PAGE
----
Scott Zolak may be picking the wrong time for a former Maryland quarterback to be going to Atlanta.
Just three days after Maryland's Scott Milanovich lost his 1995 debut to Georgia Tech in Atlanta, Zolak will make his first start this season for the New England Patriots today against the Atlanta Falcons in the Georgia Dome.
In his fifth season, Zolak, who threw only eight passes last year, is getting his fifth NFL start because Drew Bledsoe has a separated shoulder.
One of his first four starts was a 1992 game in Atlanta. He completed only nine of 15 passes, was sacked five times and had two picked off by Deion Sanders in a 34-0 loss.
His memory of that game?
"Throwing it in Deion's direction and having it come back in my face. At least I don't have that guy to put up with this time around," he said.
Zolak, whose main claim to fame is that his father, Paul, coached Joe Montana at Ringgold High near Pittsburgh, wants to continue the Maryland tradition of good quarterbacks.
"I wouldn't say it's the cradle of quarterbacks, not like where I grew up [western Pennsylvania, which has produced, among others, Montana, John Unitas and Dan Marino], but we've had our share," said Zolak, with Boomer Esiason and Neil O'Donnell probably topping the list.
Zolak knows he's only filling in for Bledsoe. In fact, coach Bill Parcells wanted Bledsoe to play despite the injury. He even put Bledsoe back in the San Francisco game two weeks after a hit by Ken Norton caused the injury to Bledsoe's non-throwing arm.
But Bledsoe's agent, Leigh Steinberg, sent Bledsoe to Birmingham, Ala., to meet specialist Dr. James Andrews for a second opinion. The doctor suggested Bledsoe shouldn't play. Steinberg gave the report to owner Robert Kraft, who has a $42 million investment in Bledsoe and agreed the team shouldn't risk further injury to Bledsoe, even though the team is 1-2.
The result is that Zolak is going to get a chance and hopes to make the most of it. "We really need a spark badly. Hopefully, I'm the guy who can provide it," he said.
The Patriots hope he's more successful than Milanovich was in his '95 debut.
Shula vs. Shula II
Don Shula, the Miami Dolphins coach, will coach against his son, David, the Cincinnati Bengals coach, for the second straight year today, but the matchup hasn't gotten the attention it did a year ago when they did it the first time.
TTC "Last year, it was historic and exciting. This year, it's going to be talked about as the second year, but, obviously, the first time is very, very exciting," Don Shula said.
Last year, the Dolphins won, 23-7, and the perception was that Don Shula played it conservative in the second half with the lead to avoid running it up.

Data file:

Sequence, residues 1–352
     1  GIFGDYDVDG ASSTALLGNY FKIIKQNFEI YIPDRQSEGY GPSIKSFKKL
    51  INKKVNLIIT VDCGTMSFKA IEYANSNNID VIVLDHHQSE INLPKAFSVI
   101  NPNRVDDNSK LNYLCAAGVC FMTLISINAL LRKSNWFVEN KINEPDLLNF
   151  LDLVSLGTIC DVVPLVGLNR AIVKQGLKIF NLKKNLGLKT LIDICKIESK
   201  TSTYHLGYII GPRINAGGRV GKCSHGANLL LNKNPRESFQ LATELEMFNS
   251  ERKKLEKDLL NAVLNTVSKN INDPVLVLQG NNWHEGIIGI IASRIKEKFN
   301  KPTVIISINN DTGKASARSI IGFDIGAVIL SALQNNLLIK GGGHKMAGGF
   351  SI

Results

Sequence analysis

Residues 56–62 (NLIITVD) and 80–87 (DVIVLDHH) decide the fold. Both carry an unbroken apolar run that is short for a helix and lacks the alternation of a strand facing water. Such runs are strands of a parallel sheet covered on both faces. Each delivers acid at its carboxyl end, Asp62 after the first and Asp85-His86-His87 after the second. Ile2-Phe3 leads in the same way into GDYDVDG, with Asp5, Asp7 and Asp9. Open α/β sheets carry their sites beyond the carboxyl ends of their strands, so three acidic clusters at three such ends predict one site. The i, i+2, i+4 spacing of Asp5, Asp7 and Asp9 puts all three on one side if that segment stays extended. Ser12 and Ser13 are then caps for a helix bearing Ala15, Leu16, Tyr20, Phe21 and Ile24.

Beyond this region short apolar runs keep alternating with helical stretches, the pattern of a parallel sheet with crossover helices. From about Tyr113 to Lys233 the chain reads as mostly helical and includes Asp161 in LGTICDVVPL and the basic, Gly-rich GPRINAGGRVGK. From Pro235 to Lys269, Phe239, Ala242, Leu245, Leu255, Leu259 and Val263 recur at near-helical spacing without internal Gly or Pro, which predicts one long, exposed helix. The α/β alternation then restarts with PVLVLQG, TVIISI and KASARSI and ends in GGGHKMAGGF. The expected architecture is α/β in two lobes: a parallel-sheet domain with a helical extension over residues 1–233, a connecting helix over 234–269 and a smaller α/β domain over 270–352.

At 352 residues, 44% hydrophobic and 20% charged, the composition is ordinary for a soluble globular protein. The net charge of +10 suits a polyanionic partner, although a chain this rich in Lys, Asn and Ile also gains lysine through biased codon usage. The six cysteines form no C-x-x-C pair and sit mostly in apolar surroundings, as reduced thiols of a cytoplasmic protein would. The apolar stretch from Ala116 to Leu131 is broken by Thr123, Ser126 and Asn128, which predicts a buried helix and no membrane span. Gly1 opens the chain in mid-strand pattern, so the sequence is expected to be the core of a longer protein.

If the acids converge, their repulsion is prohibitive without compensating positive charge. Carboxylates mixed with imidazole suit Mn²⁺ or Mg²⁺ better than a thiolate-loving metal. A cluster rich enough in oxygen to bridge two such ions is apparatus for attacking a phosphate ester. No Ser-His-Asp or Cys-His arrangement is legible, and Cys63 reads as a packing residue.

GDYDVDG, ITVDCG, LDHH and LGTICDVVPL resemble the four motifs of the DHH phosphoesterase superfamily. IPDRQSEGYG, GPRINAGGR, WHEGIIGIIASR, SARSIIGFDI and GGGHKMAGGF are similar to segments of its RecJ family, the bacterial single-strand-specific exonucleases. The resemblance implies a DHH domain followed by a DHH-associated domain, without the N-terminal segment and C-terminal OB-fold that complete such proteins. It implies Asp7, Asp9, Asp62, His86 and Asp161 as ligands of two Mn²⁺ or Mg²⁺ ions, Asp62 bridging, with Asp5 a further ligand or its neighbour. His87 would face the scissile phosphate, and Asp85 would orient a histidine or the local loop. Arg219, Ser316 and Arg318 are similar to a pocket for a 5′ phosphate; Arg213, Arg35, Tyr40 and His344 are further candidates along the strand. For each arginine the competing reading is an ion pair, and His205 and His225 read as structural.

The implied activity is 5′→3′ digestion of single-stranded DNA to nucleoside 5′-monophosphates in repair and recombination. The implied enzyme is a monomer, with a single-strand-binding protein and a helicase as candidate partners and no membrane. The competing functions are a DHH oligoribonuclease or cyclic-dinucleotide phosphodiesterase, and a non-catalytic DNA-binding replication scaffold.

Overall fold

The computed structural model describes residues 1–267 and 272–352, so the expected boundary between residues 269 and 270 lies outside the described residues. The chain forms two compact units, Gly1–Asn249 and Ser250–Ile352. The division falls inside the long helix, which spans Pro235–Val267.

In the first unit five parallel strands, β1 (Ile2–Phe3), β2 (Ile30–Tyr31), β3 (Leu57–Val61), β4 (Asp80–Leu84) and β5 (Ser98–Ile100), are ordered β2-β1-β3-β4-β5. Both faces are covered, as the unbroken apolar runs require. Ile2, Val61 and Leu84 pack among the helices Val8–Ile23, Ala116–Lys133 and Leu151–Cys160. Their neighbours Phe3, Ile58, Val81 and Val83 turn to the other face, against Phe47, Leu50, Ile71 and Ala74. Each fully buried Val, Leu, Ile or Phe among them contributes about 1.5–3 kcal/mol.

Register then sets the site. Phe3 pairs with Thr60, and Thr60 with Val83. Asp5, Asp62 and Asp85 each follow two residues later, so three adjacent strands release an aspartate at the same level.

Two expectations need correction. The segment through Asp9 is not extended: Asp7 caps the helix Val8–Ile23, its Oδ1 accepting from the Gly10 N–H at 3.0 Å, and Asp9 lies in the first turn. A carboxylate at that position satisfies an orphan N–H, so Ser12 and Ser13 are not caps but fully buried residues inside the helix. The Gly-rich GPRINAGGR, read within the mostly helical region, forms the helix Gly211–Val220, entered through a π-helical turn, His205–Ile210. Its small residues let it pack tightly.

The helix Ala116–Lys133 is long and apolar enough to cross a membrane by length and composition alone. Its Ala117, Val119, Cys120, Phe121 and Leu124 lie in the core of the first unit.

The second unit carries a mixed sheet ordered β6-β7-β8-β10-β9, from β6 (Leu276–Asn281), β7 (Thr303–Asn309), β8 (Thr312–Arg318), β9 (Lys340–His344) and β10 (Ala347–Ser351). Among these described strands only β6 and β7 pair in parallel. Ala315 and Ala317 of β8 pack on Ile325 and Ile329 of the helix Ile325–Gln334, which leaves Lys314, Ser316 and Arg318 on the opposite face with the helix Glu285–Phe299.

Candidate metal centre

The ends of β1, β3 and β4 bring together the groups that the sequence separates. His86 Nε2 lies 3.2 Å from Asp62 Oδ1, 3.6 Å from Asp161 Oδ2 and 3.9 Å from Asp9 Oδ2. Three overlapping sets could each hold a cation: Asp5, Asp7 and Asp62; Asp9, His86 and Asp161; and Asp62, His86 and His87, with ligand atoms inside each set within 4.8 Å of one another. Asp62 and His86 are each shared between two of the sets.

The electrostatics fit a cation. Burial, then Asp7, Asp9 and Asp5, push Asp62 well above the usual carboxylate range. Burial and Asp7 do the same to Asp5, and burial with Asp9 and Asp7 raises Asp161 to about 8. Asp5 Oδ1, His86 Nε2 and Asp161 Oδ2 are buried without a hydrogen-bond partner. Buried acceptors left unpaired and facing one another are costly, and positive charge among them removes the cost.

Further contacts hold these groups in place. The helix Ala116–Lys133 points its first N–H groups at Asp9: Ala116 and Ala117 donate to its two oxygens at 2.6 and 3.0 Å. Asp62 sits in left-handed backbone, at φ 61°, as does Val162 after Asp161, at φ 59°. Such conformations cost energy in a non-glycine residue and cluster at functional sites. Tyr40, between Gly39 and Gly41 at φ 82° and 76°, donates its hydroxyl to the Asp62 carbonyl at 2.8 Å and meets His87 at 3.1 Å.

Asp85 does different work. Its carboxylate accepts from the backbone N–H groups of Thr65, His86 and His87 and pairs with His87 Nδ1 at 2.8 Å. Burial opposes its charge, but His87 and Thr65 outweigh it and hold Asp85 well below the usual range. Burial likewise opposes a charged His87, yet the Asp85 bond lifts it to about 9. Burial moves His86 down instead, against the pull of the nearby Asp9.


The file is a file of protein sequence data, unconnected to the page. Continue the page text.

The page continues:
Don Shula doesn't want to answer any questions about keeping the score respectable against his son. "I don't really think about any of those things," he said.
Meanwhile, the Bengals have to worry about stopping Dan Marino after Houston's Chris Chandler completed 23 of 26 passes against them last week.
Defensive coordinator Larry Peccatiello said: "Of course, I'm alarmed. But we're not going to go crazy and do anything drastic."
Paul Tagliabue has never suspended an official since becoming commissioner in 1989, but he has to decide whether to take action against Ben Montgomery for ruling that the Pittsburgh Steelers had 12 players on the field for a Minnesota field-goal attempt last week when they had 11. The officials have problems when they can't count to 12.
Tagliabue's also got to decide whether to fine Steelers coach Bill Cowher for sticking a picture of the play in the shirt pocket of referee Gordon McCarter.
A league spokesman said Friday that Tagliabue is still reviewing the play and hasn't decided what action to take.
That play, combined with blown calls two weeks in a row in Washington Redskins games, has started the call for the return to instant replay.
But the real problem is the quality of the officiating.
Pulling the strings
When Randall Cunningham was benched by Philadelphia Eagles coach Ray Rhodes last week, he started to say the right things during a long rambling interview. He said, among other things, that he wanted to do what's best for the team.
But when he was asked how he would know when his Philadelphia career was over, he made comments that made headlines.
"Right now, I don't think that I'll be playing for another team this season. I think I'll still be on this team, and Rodney [Peete] and I will probably be switching in and out. It's the decision of the coaches.
"But it's tough to play like that. It's tough for him and it's tough for me. If you're winning, that's one thing, but when you're losing, you really start to read into things. Sometimes I wonder if Ray is the one pulling the strings or [owner] Jeff Lurie is."
This could be the beginning of the end for Cunningham in Philadelphia.